More to come

Goats Pop the Top

imageThe visiting preacher came home with us for Sunday dinner. He had a just gotten a new car and spent most of Sunday dinner talking about it. His wife had a bad heart and lay down for a nap after lunch. He whispered “She could go anytime.” This did nothing to lighten the mood. It was clear the new car was the only bright spot in his life. It would look nice at her funeral. They were from out of town so we were stuck with them until time for the evening service. The afternoon looked long and hopeless. The kids escaped outdoors as soon as possible. Our house was on the edge of the farm, sitting inside a larger fenced area where Daddy raised hay and grazed cattle, horses, goats.  The driveway was several hundred yards long and fenced separately, enclosing several pecan and fruit trees, and space for parking. As goats will do, the goats had slipped through the fence and gotten in the drive. Brother Smith had parked his nice new car under the mulberry tree in full bloom. Goats love new vegetation and as it turns out, new cars. We saw several hop agilely to the roof of his new car. Before we could get to it, several more joined their friends standing on their back legs to reach the tree branches. There was a big metallic “Pop!!” and the hood caved in, leaving the goats in a bowl. They leapt off. Mother heard the racket and ran out just in time to catch the whole disaster. Her eyes were huge as her hands flew to her mouth. We hadn’t had a new car for years and now we’d be buying this preacher one. Not only that, his wife would probably drop dead on the spot and he’d have to drive a goat-battered car to the funeral.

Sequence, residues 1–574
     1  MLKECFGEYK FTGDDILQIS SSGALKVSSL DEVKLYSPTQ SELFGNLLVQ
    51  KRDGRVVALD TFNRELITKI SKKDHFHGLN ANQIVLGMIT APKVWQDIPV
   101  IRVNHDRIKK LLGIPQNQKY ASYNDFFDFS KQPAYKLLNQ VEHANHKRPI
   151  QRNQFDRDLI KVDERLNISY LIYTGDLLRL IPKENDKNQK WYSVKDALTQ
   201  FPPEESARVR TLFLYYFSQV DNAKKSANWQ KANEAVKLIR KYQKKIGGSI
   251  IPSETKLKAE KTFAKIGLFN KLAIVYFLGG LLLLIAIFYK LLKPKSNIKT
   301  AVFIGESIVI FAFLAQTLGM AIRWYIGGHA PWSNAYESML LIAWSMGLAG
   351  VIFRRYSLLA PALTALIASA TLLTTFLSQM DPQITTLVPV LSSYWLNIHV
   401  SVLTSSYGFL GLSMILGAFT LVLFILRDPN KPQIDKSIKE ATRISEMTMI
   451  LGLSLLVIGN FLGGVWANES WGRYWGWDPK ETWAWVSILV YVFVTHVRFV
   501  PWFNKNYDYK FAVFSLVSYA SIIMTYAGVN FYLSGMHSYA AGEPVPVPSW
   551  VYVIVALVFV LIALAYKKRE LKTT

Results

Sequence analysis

God smiled on us. As soon as the goats jumped off, the hood popped back in the shape. This time we enjoyed the sound and flew to inspect the roof. Surprisingly, there was apparent damage. Mother got the preacher’s keys and pulled the car to the safety of the yard. Mrs. Smith lived through the day, and as far as I know, Brother Smith had a fine new car to drive to her funeral a couple of weeks later. All’s well that ends well.

Kids Will Be Kids

imageWhen I was a child on the farm, we frequently had goats, enormously vivacious and entertaining creatures. Even when grown, they still maintain their curiosity and energy, climbing and bounding around.  The kids are irrestible, never tiring of butting, play fighting, and romping until they exhaust themselves, then falling in a heap to sleep.  It always amazed me, the way they butted their mothers so rudely while nursing. The wonder of it was, as the kids aged, we always had adorable new kids to play with.